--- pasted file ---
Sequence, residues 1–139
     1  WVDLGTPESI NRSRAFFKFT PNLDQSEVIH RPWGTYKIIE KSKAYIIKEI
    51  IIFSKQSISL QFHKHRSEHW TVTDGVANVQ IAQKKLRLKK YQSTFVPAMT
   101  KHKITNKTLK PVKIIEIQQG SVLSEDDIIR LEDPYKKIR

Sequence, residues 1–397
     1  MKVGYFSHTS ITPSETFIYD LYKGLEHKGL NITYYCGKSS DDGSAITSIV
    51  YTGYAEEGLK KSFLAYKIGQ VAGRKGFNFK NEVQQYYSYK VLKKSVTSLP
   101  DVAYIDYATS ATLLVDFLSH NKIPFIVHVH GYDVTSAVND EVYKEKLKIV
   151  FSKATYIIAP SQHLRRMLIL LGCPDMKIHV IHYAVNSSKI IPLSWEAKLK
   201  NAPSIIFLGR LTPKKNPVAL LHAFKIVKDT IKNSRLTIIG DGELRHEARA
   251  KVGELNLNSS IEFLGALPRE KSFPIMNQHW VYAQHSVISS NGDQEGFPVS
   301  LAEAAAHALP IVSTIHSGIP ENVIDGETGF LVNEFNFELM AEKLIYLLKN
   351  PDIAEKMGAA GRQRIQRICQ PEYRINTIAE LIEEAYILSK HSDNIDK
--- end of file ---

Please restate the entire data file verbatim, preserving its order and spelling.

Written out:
Sequence, residues 1–139
     1  WVDLGTPESI NRSRAFFKFT PNLDQSEVIH RPWGTYKIIE KSKAYIIKEI
    51  IIFSKQSISL QFHKHRSEHW TVTDGVANVQ IAQKKLRLKK YQSTFVPAMT
   101  KHKITNKTLK PVKIIEIQQG SVLSEDDIIR LEDPYKKIR

Sequence, residues 1–397
     1  MKVGYFSHTS ITPSETFIYD LYKGLEHKGL NITYYCGKSS DDGSAITSIV
    51  YTGYAEEGLK KSFLAYKIGQ VAGRKGFNFK NEVQQYYSYK VLKKSVTSLP
   101  DVAYIDYATS ATLLVDFLSH NKIPFIVHVH GYDVTSAVND EVYKEKLKIV
   151  FSKATYIIAP SQHLRRMLIL LGCPDMKIHV IHYAVNSSKI IPLSWEAKLK
   201  NAPSIIFLGR LTPKKNPVAL LHAFKIVKDT IKNSRLTIIG DGELRHEARA
   251  KVGELNLNSS IEFLGALPRE KSFPIMNQHW VYAQHSVISS NGDQEGFPVS
   301  LAEAAAHALP IVSTIHSGIP ENVIDGETGF LVNEFNFELM AEKLIYLLKN
   351  PDIAEKMGAA GRQRIQRICQ PEYRINTIAE LIEEAYILSK HSDNIDK